4. Gathering ourselves for reflection when our energy is spent at the end of the day is hard.

Are we thankful for our freedom to homeschool? In many ways yes, we are! However, in many ways, we tend to drop the ball when it comes to being actively thankful. We’re distracted. If it takes sitting down and writing a daily list of three reasons to be thankful for our freedom, let’s do it.

Don’t Take Freedom for Granted

As I mentioned earlier, we currently have the freedom to personally educate our children. But let’s not take this for granted. Don’t fail to properly appreciate what we possess at this moment in history. Although homeschooling is our God-given right, the government’s willingness to recognize this is not to be assumed in a fallen world.

Although homeschooling is biblically normative (and was historically normative prior to the twentieth century), the legal prohibition against this is relatively recent. This current freedom is very fresh. Remember, it has only been since 1992 that all fifty states officially recognized homeschooling as a legal option.5

Moreover, you’ll recall that the Romeike family fled Germany in 2008 for asylum in the United States, solely for the opportunity to homeschool. They’re now under the threat of deportation by the U.S. government, with a temporary delay granted just October 6 of this year. Their stay is not guaranteed, and they still need our support.

Find out how you can help the Romeike family with our friends at HSLDA.

Although our current moment is witnessing a rapid increase and appreciation for homeschooling, critics and legislators continue to push for more government oversight. This shouldn’t be underestimated. Every year across the country, legislation swarms the halls of our capitols, sparkling with subsidies and laced with infringements. Don’t take your freedom to homeschool for granted. It is on the docket and at the ballot box every election.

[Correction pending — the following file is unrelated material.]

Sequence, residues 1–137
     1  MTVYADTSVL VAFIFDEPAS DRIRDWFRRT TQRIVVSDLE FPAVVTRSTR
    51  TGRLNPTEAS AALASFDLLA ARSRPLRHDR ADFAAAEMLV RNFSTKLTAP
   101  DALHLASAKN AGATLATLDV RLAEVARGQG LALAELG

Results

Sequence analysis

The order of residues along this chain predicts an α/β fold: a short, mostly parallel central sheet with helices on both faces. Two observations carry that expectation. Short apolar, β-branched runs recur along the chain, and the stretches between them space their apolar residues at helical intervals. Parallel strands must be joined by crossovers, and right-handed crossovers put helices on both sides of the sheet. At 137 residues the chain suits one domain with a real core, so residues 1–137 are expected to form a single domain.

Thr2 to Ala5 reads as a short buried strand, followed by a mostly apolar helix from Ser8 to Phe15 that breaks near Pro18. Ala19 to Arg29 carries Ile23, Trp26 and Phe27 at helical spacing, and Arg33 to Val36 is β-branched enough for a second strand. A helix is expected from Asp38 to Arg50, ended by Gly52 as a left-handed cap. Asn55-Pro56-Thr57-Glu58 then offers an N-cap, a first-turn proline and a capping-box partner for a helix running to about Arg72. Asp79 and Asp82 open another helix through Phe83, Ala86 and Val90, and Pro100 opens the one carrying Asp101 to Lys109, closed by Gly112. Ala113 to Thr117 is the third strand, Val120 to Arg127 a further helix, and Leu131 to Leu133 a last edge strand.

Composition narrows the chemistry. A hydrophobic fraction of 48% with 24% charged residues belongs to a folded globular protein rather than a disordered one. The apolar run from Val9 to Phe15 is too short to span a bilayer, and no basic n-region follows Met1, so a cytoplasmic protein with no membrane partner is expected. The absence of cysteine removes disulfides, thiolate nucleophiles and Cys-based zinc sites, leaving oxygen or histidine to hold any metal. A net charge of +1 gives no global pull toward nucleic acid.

How Then Should We Live?

This month, reflect on this question: Am I thankful for my freedom to homeschool? Current trends indicate that more are awakening to this blessing and that it’s something to fight for. Yet given our proclivity to forgetfulness, we need to endure with active thankfulness. Don’t take for granted the hard-won battles of generations past. Future generations are depending on us.

Legend has it that Ben Franklin was asked what type of government was created from the Constitutional Convention. His pithy response was, “A republic if you can keep it.” This mantra should ring in our heads as we reflect on our liberty to homeschool.

The principle is clear: If we want to keep our liberty, we must fight for it. It’s only ours “if we can keep it.” We cannot remain idle.

This Thanksgiving, let’s pause to be thankful for our freedom to homeschool. Additionally, let’s pray, celebrate, and feast in the presence of the Lord for this blessing. And when our meal is over, let’s be actively thankful by engaging our spheres of influence with awareness of what’s at stake.

Happy Thanksgiving!

“Rejoice always, pray without ceasing, give thanks in all circumstances; for this is the will of God in Christ Jesus for you.” —1 Thessalonians 5:16–18 (ESV)